Features, Print March 1, 2017

Allegaeon: Keeping Metal Alive in The 21st Century

by BandWagon Magazine

It’s great to see when Colorado bands ‘make it.’ Touring year-round opening for huge bands, playing big festivals, and shredding for the impressionable youth. However, it’s not always easy for those bands to continue playing music because of how tough the music business really is. The reality is that until you reach a certain level, things are well… financially underwhelming. Touring is also extremely dangerous from all the time spent driving, and longevity is nothing but an uphill battle while most lucky and successful metal bands only become self-sufficient… if they stay together.

After their first independently released EP in 2008, Allegaeon (pronounced uh-lee-juhn) released their first full-length record on Metal Blade records in 2010. They have since released three more full-length albums in just over five years with the label. Allegaeon is putting in the leg work too; touring the country year-round with bands like Act of Defiance, Chimera, Job For a Cowboy, and Whitechapel.

As is commonplace with many bands at their level, regardless of their apparent success and obvious work-ethic, Allegaeon was struggling financially and recently asked their fans for some extra cash each month in order to keep the ship afloat. When they launched their campaign on the crowdfunding platform Patreon, the story was picked up by metal blogs like MetalSucks ad Lambgoat. Currently, the campaign is netting the band around $3,800 per month from over 300 fans which is not a ton of money, but certainly goes a long way for a band like Allegaeon each month.

Allegaeon made more headlines when Mish Barber-Way, vocalist from Canadian band White Lung, called the band “…the laziest, most pathetic, sub-human beta males in America,” and plenty more in a column she wrote for the website Cirvynt suggesting the band reevaluate their “…internal business management, cutting expenses, working a day job and being FUCKING REALISTIC,” reacting to the recent crowdfunding campaign and the attention it garnered.

The consummate professionals they are, Allegaeon was quick to dispel the quarrel. Vocalist Riley McShane got the Canadian rocker on the phone within a day of the story going viral and guitarist Greg Burgess was imploring furious Allegaeon fans to stop sending death threats to the abrasive author. McShane made it a point to squash the impending beef shortly after it began,

“Funny story. At the end of that article she was like ‘if this article offends you please feel free to contact me,’ all this kind of stuff, so I did… she was awesome, I’m not gonna lie. It was a very good conversation. She gave me the room to clear the air, all while expressing what her points were and at the end of it, she was like ‘you know, I’m really sorry. I should have talked to you guys first about everything, I was just standing in an airport drinking wine and like writing it on some tiny website, I had no anticipation that it was going to blow up to the extent it did.’” said McShane in an interview with MetalSucks, of the critical frontwoman.

Most recently, the band parted ways with long-time bassist Corey Archuleta after the original vocalist, Ezra Haynes, left the band in 2015. Member changes are inevitable with most any band that experiences the kind of longevity that Allegaeon is now approaching. “I want to be a music and entertainment lawyer,” said Archuleta, leaving the band after realizing that he couldn’t be an active member of the band and attend law school at the same time.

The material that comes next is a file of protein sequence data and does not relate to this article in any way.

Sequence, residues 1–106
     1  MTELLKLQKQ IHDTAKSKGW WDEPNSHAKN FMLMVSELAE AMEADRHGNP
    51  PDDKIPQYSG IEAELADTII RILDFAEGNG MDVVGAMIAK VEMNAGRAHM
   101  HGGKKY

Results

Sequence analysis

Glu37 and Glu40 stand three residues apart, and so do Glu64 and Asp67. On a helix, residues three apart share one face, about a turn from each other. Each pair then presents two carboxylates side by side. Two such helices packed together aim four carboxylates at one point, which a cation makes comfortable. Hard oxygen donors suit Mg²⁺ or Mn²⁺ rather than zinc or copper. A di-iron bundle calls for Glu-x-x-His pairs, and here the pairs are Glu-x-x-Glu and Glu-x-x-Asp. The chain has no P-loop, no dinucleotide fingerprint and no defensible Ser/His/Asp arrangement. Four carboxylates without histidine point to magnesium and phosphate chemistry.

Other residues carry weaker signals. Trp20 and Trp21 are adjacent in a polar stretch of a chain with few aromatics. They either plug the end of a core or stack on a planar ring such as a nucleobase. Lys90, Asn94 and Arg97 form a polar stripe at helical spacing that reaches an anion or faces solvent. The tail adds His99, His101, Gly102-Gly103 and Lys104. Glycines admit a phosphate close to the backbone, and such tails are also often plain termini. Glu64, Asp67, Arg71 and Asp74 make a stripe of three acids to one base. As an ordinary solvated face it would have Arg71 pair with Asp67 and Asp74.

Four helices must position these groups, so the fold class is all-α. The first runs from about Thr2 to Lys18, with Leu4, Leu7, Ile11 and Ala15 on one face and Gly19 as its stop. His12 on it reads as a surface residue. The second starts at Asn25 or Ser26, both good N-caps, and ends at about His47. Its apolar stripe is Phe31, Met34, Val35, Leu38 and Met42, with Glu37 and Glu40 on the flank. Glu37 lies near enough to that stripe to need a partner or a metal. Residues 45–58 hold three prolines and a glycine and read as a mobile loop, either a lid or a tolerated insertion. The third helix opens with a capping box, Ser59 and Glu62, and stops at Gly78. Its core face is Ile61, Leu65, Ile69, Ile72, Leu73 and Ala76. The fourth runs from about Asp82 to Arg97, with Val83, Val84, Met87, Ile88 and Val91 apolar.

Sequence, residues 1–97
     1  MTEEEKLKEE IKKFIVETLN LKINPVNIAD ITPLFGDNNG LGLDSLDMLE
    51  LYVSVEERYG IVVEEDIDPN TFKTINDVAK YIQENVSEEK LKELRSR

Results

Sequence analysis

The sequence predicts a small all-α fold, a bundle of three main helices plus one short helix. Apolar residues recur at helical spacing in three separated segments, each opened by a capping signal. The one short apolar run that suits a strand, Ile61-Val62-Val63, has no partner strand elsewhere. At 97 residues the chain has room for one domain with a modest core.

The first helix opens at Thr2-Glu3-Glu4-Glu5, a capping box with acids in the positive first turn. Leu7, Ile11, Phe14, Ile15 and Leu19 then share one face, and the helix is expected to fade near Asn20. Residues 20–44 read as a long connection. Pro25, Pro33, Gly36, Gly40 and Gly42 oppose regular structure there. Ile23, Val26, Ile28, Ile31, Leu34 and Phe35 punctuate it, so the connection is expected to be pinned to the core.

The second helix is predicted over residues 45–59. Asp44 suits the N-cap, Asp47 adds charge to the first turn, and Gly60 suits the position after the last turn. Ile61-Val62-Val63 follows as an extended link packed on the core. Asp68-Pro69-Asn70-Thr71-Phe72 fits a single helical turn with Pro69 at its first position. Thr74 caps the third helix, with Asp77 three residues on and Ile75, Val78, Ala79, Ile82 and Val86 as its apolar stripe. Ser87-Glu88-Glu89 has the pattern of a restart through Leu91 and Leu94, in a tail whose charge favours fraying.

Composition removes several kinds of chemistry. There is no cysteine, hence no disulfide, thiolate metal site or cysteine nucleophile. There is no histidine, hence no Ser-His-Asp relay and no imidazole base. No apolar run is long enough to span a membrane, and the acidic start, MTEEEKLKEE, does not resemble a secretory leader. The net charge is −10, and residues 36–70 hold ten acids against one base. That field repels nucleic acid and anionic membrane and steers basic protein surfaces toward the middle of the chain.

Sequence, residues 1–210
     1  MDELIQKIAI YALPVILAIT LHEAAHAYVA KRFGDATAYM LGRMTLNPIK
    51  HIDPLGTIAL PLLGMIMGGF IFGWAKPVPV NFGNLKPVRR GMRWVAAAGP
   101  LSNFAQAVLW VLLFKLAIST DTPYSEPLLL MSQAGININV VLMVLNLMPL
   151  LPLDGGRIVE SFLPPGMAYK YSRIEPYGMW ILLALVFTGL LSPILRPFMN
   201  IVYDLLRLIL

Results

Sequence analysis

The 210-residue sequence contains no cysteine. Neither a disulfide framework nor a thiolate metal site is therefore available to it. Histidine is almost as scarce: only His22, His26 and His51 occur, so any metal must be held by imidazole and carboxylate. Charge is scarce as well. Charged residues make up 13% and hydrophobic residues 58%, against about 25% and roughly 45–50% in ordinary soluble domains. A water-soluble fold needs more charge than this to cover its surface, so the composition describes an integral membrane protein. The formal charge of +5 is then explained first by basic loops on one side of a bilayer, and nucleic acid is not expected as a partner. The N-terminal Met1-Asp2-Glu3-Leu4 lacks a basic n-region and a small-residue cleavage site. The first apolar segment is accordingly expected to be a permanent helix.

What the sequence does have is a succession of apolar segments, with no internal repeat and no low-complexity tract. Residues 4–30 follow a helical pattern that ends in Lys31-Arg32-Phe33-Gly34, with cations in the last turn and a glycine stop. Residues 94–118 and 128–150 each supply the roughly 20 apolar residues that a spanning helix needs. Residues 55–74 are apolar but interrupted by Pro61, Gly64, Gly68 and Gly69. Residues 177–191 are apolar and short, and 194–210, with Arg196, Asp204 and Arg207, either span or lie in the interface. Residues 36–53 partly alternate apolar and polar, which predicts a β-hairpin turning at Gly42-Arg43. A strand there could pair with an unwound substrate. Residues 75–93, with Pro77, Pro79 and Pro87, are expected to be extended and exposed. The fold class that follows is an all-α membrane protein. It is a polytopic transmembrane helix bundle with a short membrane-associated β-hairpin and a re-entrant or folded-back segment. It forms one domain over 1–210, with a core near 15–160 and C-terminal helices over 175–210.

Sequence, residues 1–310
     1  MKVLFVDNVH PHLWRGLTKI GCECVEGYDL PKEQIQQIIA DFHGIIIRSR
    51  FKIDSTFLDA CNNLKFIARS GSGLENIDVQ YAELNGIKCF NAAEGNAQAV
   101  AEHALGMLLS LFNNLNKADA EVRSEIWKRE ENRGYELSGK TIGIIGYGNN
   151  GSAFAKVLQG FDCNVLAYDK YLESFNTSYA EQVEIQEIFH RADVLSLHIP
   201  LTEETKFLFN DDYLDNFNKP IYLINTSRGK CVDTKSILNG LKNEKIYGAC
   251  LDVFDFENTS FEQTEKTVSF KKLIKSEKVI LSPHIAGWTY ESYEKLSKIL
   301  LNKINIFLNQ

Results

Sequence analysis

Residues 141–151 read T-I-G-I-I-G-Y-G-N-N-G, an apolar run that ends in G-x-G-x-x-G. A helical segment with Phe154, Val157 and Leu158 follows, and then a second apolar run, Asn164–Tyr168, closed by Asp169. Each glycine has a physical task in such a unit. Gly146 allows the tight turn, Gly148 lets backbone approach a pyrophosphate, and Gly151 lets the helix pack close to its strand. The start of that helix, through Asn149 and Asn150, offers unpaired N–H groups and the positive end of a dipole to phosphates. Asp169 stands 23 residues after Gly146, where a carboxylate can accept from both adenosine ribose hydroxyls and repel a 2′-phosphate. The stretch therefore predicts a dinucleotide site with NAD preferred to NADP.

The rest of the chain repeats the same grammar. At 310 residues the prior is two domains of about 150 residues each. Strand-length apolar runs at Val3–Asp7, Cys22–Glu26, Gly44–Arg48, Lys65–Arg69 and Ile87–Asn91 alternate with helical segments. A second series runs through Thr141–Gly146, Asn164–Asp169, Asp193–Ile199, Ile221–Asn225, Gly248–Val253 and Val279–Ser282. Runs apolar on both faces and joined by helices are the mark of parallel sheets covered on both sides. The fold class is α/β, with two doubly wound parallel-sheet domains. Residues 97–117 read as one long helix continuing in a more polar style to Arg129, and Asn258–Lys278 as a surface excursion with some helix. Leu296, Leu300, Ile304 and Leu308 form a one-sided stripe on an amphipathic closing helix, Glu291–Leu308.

Creatively, the band is fresh off the release of their new full-length record that they recorded with Archuleta and their new vocalist Riley McShane, called Proponent for Sentience. The album was recorded with metal producing king, Dave Otero at Flatline Audio, and the band released a new music video alongside new play-through videos in support of the new record. Sonically, Allegaeon is very much staying true to their roots most of the record while incorporating several new elements into the band’s musical palette. Long time fans can be sure to expect the same face-melting riffs and epicly stoic breakdowns, but while familiar at times the album is a divergence from previous releases.  From several instrumental intermissions and technical acoustic flamenco guitar tracks, to the clean vocals that shine brighter towards the tall end, this new record stands out. The 12-track epic ends with the closing track, a RUSH cover, “Subdivisions.” Originally the band wanted to release it as a bonus track for international markets and that’s why the label had them record it, but the band ended up putting it on the album as the last track for everyone to hear. Perhaps this sort of sound, which is a clear departure from the norm, is a taste of what’s to come from the band? “I think it showcases a lot of things that we want to do as a band,” said McShane in a recent interview with BandWagon Magazine. “We won’t be diving head first into that (sound) moving forward but we aren’t just a death metal band.” With each record Allegaeon expands their legacy and becomes an even greater staple in the American metal music scene.

The band is currently touring in support Proponent for Sentience. You can catch them live at the Metal Blade 35th Anniversary Tour at Summit Music Hall, March 6 in Denver and again headlining the Moxi Theater in Greeley on Friday March 31. See you fans at the show.

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